Internet InfoMedia thanksgiving with the run up are black voters leaving democrats behind

Anna Foley and

Listen to ‘The Run-Up’: Thanksgiving With the Herndons

Polls suggest Black voters might be turning away from Democrats. So we convened a very special Thanksgiving focus group to try and understand why.

The change was so remarkable that it almost seemed like a mistake: In a poll of residents in battleground states by The New York Times and Siena College this fall, 22 percent of Black voters said they would support former president Donald Trump over President Biden in a hypothetical 2024 matchup.

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“There’s a thought that, you know, like Black people are not Republicans. That’s just the bottom line. And Republicans are for the rich people.”

Pashal Mabry

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“We vote because that’s what we’re supposed to do. But then when you see the numbers, it’s almost disheartening. It’s like we’re once again like the bedrock having to put the weight on, and I want everybody to do it.”

Shanell Bowden

Mr. Trump carried 8 percent of the Black vote in 2020.

Index cards with handwritten political questions sit on a table beside soda cans, napkins and a plate containing the remains of a meal.
Astead Herndon came to his childhood home, with colleagues and microphones in tow, to do the one thing you’re not traditionally supposed to do on Thanksgiving: Talk politics at the dinner table.

It is just one poll, of course, but it follows the 2022 midterm elections, in which turnout among Black voters was one of the weakest points for the Democrats.

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“I feel like the Democratic Party needs to train young people, educate them on this whole process. I think you’ll get a better understanding because people – we want to know. We want to know. We’re not afraid to learn.”

Christopher Hodges

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“Unfortunately, sometimes our government, whether it’s Democrat or Republican, we don’t take care of home base.”

Reginald Robinson

So what is really going on? How worried should Democrats be about the erosion of support among Black voters?

Angelica Herndon’s early Thanksgiving dessert spread.

“The Run-Up” is in a particularly good position to try and answer those questions. We convened a focus group — a very special, one-time only focus group in the childhood home of Astead W. Herndon, who hosts “The Run-Up.”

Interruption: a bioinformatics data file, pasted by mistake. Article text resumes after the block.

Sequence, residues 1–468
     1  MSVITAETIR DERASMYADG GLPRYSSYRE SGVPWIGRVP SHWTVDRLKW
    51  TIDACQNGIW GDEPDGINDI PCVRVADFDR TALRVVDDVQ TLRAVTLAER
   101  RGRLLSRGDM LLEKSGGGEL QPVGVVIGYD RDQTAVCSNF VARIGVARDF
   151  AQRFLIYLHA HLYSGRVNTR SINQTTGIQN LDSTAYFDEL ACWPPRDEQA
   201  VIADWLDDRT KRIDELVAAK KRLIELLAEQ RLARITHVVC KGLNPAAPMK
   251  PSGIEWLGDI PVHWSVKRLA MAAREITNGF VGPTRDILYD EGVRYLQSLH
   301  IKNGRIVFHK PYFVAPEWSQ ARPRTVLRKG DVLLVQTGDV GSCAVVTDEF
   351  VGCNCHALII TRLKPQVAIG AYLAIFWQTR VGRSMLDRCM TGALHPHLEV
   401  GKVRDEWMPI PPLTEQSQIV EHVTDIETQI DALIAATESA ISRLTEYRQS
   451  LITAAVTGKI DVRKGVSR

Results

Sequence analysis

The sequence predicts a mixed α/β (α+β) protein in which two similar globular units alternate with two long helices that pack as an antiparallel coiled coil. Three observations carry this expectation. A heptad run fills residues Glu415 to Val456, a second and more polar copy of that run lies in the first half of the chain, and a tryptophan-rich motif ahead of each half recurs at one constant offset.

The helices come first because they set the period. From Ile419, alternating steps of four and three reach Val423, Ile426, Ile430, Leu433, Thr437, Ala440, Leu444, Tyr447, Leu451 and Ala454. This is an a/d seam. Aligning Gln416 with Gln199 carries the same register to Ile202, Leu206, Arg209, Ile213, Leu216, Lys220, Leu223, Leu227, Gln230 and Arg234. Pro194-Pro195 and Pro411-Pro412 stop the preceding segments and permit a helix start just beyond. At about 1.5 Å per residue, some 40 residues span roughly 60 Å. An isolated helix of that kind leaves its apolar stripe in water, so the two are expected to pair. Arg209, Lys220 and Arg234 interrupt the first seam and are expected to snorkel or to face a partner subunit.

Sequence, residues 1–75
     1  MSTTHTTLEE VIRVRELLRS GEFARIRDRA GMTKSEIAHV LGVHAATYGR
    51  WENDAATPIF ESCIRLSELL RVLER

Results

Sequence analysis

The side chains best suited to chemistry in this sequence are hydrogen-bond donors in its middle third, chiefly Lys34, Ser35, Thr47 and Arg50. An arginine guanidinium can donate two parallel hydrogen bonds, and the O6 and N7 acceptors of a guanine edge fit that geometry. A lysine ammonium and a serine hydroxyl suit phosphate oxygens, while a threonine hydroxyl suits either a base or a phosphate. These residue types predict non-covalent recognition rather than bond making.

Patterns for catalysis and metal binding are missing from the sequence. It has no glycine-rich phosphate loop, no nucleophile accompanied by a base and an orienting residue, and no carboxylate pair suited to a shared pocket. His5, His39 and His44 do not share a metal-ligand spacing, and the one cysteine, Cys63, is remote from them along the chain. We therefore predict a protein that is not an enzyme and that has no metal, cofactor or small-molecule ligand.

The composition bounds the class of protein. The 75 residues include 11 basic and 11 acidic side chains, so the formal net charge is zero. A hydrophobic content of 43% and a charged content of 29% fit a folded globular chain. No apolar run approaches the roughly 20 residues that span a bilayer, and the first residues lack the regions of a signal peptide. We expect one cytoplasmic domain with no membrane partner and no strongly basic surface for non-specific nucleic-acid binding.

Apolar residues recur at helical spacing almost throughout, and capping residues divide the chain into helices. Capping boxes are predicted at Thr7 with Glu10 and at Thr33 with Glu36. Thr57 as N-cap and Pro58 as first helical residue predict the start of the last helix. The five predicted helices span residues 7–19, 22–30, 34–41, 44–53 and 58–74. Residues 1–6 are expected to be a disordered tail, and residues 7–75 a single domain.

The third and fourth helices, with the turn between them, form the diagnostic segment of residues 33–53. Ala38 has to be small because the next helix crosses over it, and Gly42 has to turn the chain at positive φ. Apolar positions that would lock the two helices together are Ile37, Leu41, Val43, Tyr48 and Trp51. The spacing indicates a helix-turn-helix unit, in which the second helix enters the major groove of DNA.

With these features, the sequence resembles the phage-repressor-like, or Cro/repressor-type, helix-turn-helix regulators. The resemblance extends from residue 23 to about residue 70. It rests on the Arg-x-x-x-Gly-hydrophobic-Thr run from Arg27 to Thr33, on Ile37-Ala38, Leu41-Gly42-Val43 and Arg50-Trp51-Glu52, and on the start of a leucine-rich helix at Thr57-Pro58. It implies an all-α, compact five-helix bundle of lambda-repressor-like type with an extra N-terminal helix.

For the wide-ranging discussion, he gathered family members, parishioners from his father’s church, community members and people he grew up with, all of whom largely leaned Democratic, but were clear about the ways in which the party had let them down.

The conversations were anchored in questions about Black voters and the Democratic Party, but also covered the apparent appeal of Mr. Trump to Black men specifically.

“Oftentimes, we’re that extra whatever percentage that will take that particular candidate over the top to win,” Endla Thornton said, discussing the ways in which the Democratic Party relies on Black women voters.
Pastor Michael Richardson and Anastasia Richardson were among those who gathered for the evening conversations.
Younger Black voters spoke frankly about some distance they felt from the Democratic Party.
The focus group gathering organized by Astead Herndon. Over the course of the evening, he divided the group into smaller conversations that corresponded with divisions that were present within polling: older voters, younger voters, men and women.

It was a special focus group in another way, too. It took place over a Thanksgiving meal — complete with 13 different homemade desserts.


“The Run-Up” is hosted by Astead W. Herndon and produced by Anna Foley, Elisa Gutierrez and Caitlin O’Keefe. The show is edited by Rachel Dry, Lisa Tobin and Frannie Carr Toth. Engineering by Sophia Lanman and original music by Dan Powell, Marion Lozano, Pat McCusker, Diane Wong and Elisheba Ittoop. Fact-checking by Caitlin Love.

Special thanks to Paula Szuchman, Sam Dolnick, Larissa Anderson, David Halbfinger, Tara Godvin, Renan Borelli, Mahima Chablani, Jeffrey Miranda and Maddy Masiello.

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